Second, when your electricity is restored, there’s likely to be a power surge as everything suddenly begins taking energy from the grid again, which may damage anything that’s plugged in when the surge happens. To prevent any power surge damage, unplug everything – apart from your refrigerator and freezer, which you want to start cooling again as soon as possible, and a single light, so you can easily tell that power is back when it turns on. 

You can either turn off and unplug all your appliances one by one – or you can just flip your main circuit breaker off to turn off everything in one go. Doing the latter means you’ll have to keep an eye on streetlights to know when power is back, however, and also means if power comes back during the night, you won’t be able to turn your refrigerator, freezer, or heating back on until the morning. 

Save your water 

If the power goes out, it might mean you lose access to your water supply as well, depending on how it’s sourced. If your water does go out, you should fill up all your sinks, bathtubs, and any empty bottles or containers you have spare with whatever water is left in the system. Along with a good supply of bottled water, this should give you enough water to last until the power comes back and your water supply is restored. 

Be careful to only use water when necessary. You can save water by using hand sanitizer and baby wipes to wash yourself instead of having to use up your water supply – it might not be as nice as washing yourself properly, but it’ll keep up your hygiene while saving water for drinking.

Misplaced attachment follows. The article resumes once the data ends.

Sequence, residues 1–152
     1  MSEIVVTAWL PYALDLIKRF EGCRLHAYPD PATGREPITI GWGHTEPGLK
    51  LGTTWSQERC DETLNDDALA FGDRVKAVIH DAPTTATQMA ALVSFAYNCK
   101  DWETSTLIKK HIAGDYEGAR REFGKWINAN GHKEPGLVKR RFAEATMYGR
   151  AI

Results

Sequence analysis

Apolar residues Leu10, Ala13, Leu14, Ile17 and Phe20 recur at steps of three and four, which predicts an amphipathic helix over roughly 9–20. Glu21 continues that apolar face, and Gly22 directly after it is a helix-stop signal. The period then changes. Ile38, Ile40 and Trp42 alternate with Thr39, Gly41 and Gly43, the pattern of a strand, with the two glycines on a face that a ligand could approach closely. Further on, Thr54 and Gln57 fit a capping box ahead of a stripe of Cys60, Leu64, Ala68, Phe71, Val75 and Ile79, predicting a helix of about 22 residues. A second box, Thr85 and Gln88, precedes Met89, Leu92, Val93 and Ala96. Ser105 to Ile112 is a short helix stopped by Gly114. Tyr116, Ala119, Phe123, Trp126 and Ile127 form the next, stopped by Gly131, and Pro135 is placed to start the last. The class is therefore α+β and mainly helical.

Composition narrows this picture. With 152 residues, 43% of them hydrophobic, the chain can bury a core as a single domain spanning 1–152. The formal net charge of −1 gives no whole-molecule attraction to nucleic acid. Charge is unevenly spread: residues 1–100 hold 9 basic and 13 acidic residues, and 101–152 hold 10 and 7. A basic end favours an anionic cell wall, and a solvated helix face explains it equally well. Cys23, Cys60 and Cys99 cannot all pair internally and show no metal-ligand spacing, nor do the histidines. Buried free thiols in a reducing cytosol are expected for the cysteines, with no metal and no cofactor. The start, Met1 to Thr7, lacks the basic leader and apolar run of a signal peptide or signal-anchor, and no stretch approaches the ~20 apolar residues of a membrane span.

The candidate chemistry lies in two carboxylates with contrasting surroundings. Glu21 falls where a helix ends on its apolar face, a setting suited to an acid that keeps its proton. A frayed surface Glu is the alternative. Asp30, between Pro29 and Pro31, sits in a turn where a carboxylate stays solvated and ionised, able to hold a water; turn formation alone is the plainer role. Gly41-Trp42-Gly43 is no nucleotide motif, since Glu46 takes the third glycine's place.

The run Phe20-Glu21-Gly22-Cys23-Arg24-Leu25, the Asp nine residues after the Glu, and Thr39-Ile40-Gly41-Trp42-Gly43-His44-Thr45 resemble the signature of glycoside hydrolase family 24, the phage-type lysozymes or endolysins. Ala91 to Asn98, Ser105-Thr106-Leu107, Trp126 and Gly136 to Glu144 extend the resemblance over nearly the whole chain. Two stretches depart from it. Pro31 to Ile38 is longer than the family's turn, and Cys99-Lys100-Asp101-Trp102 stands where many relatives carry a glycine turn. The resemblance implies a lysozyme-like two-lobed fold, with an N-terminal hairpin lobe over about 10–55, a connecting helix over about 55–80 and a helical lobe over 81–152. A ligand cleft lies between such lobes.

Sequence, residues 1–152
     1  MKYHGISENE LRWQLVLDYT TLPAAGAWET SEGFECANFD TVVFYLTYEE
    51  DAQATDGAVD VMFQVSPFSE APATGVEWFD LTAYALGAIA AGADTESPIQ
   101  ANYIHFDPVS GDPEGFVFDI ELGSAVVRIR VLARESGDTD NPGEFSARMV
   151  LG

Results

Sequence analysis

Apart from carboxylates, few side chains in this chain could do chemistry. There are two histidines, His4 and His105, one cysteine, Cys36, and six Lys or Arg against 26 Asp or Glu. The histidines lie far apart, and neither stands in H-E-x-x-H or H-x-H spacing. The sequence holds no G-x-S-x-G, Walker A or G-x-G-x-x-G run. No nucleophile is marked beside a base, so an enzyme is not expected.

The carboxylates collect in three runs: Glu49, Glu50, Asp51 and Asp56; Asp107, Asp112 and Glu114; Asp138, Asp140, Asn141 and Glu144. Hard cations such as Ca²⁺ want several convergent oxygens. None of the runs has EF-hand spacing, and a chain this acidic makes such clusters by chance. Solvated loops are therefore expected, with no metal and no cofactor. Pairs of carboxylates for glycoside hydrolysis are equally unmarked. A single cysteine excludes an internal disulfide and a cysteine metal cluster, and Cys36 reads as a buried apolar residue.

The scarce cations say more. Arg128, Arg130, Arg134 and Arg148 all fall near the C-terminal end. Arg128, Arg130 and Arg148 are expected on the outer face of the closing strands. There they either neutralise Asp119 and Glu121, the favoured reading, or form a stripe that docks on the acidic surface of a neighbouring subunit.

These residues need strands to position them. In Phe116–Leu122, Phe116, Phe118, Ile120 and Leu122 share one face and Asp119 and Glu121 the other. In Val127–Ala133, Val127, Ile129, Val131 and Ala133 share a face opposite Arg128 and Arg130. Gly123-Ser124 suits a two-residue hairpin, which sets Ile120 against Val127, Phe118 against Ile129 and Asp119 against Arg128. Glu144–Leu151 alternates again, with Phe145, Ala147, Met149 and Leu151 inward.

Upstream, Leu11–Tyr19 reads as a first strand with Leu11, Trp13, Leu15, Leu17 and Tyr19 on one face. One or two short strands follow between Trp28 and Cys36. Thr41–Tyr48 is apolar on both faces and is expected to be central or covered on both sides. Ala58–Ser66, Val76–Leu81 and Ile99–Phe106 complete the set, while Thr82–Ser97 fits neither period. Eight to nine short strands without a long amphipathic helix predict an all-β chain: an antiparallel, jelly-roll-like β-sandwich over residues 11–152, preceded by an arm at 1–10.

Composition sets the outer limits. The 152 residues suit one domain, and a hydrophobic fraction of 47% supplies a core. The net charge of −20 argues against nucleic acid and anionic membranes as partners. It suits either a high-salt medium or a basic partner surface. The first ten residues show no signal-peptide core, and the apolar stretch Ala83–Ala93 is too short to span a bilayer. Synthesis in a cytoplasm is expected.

Check-in on vulnerable friends & family

Power outages can be more dangerous to some people than others – especially during extreme weather. If it’s the middle of a summer drought or a cold winter, the heat or cold can pose a danger to the elderly or people with medical conditions.  

Even if the phone lines are down, you can still try to keep in touch with vulnerable family and friends with your cellphone. Try to conserve its battery for contacting them or emergency services if necessary – that means no using a smartphone for films or games while your TV is out of action. 

Try to help out vulnerable people you know in any way, whether that’s delivering food to them, making sure they have enough water, or even inviting them to stay with you until the power comes back to make sure they aren’t on their own. 

Preserve your food 

If the power’s out, that means your refrigerator and freezer are going to start warming up. As such, you’ll need to make sure your food isn’t going to start to spoil. Keep the refrigerator and freezer doors closed as much as possible to prevent heat from getting in. If the power is going to be out for a while, take out short-life food, use up anything you can, and dispose of the rest. 

If you need to keep food cool, an extra option is to use your toilet’s water tank. It might sound a bit gross, but the water in there should be clean, so as long as you only store food in airtight packaging or containers in there, it can provide you with a little extra cold storage. 

Prepare your food safely